'Potato chips better than raisins', dentist claims

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A dentist has caused an internet storm by saying that children would be better off eating potato chips than raisins. But while children everywhere rejoice, we may need to dig a little bit deeper than the headline before we get too excited.

Ben Atkins from the British Dental Association told The Times dried fruit is more damaging to kids' teeth than chips because the stickiness of the fruit is like "gluing sugar to kids' teeth".

He said that although some packets of flavoured chips contain sugar, those that are just salted are fine.

So what we've got is a dentist looking at kids' snacks purely through the lens of how they are for their teeth. Not so shocking, although not exactly responsible either.

Professor Damien Walmsley, Scientific Advisor to the British Dental Association, told the Huffington Post, "Snacking should be limited as far as possible. When we eat, the bacteria in the mouth start producing the acids that cause tooth decay, and sugar will send them into overdrive.

"Whether you prefer sweet or savoury, reaching for snacks between meals can take its toll on teeth."

Which is great, except if you have real children and live in the real world, where snacking is mandatory because, "Muuuuuuuuuuum, I'm hungry!" All. The. Time.

What Ben and Damien both failed to mention is that there are other snacking options out there that aren't sugar or chips. And that although teeth are important, as parents, we're responsible for the entire body, not just the mouth.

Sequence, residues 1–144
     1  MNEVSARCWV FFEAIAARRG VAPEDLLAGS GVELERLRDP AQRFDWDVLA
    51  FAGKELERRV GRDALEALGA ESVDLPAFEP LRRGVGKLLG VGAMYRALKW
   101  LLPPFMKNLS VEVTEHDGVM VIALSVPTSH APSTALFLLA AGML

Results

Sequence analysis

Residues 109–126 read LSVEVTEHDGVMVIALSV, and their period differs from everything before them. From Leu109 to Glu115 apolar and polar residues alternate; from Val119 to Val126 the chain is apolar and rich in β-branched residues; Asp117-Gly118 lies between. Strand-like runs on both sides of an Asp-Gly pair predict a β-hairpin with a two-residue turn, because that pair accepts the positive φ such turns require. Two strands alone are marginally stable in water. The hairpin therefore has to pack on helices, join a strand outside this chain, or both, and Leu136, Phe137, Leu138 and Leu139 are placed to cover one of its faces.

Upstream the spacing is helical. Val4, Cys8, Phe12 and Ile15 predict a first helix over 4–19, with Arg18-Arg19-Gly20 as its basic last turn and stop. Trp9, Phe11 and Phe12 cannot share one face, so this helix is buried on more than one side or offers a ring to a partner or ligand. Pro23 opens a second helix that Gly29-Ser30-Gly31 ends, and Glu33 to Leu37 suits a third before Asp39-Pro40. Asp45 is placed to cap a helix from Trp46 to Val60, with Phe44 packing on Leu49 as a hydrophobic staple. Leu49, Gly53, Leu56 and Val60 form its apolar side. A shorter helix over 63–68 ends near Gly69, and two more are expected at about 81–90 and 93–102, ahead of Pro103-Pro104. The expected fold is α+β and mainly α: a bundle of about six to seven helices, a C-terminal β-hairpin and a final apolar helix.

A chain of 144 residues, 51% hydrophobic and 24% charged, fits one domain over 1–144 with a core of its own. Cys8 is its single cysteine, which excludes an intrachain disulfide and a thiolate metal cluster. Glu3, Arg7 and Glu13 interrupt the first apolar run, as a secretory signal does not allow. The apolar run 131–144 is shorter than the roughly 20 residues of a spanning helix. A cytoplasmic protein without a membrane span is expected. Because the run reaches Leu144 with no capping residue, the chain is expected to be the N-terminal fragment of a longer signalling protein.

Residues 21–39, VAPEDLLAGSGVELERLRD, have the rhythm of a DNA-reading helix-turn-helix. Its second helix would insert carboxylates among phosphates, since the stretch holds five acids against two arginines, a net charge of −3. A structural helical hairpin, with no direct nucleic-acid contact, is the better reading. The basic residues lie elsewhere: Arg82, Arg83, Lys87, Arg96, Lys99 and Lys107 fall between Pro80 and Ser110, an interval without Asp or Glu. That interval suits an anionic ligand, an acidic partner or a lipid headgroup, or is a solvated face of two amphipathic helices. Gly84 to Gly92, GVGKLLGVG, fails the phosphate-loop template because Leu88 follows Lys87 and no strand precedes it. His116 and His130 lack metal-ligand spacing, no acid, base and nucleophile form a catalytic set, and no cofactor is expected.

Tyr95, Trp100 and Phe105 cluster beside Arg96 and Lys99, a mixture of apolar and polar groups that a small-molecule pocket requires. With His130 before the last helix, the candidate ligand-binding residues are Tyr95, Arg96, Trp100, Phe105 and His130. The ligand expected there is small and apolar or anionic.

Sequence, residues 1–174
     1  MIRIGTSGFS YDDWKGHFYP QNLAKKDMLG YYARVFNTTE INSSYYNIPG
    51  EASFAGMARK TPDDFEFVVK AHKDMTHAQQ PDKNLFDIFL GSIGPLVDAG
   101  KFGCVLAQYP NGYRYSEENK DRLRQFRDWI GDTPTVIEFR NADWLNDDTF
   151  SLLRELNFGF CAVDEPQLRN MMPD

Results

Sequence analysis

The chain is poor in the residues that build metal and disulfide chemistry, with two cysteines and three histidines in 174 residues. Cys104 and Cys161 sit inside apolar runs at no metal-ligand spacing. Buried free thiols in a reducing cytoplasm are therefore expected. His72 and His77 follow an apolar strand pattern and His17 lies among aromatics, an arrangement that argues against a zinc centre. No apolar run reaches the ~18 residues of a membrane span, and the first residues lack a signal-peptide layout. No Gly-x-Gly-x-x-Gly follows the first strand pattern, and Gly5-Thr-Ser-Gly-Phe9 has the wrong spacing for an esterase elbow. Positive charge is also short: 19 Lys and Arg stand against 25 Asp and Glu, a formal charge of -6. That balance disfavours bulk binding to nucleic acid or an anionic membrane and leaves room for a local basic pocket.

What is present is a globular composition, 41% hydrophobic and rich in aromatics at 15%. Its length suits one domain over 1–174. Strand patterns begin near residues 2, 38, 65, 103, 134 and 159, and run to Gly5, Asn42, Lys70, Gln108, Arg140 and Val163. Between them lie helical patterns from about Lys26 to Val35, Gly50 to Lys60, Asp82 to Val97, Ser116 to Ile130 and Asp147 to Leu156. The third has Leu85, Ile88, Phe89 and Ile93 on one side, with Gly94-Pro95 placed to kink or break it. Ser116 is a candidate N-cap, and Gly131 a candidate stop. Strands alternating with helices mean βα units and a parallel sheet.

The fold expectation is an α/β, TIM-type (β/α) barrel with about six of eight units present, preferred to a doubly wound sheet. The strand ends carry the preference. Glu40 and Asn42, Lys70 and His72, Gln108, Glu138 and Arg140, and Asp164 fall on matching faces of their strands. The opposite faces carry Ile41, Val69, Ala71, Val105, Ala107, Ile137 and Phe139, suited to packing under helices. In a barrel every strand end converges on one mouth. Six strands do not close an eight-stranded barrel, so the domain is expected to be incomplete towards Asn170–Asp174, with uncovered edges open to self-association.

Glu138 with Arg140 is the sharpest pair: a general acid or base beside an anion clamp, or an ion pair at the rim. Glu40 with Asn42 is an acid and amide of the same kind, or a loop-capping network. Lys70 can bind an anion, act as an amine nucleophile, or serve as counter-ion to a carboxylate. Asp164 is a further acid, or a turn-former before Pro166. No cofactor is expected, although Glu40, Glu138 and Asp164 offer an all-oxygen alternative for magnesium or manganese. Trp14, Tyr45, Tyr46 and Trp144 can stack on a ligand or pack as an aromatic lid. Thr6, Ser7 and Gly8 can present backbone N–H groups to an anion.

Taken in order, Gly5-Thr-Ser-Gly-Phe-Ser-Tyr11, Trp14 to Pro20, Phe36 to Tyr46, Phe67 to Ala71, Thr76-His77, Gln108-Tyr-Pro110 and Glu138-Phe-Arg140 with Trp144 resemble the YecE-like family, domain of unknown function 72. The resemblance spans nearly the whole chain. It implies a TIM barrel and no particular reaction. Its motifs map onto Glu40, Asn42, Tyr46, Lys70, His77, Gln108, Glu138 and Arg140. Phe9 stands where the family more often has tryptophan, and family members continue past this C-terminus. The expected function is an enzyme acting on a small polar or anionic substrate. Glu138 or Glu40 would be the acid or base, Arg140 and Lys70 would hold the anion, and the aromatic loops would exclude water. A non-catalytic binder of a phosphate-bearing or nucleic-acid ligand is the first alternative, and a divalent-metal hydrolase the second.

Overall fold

Spokesperson for the National Obesity Forum Tam Fry told Huffington Post dried fruit is a "terrible idea" for kids' snacks, but "so are crisps".

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"Dried fruit is full of sugar that clings to the teeth," he said. "If the teeth are not brushed after the meal, which is hard to do at school, it starts to rot the enamel.

"If you're going to put any fruit in a child's lunch bag, it should be fresh fruit – the fibre is hugely helpful. Eating crisps instead – I don't think that's good advice at all. Crisps have a lot of salt, particularly for young children."

Tam says there are many better options for lunch box snacks, with fresh fruit being at the top of the list.

The New South Wales Government's Healthy Kids website suggests some great snacks for kids are fresh fruit and vegetables (served with low fat dip if desired), rice cakes topped with healthy spreads and fresh fruit or vegetables, yoghurt, and healthy fruit muffins.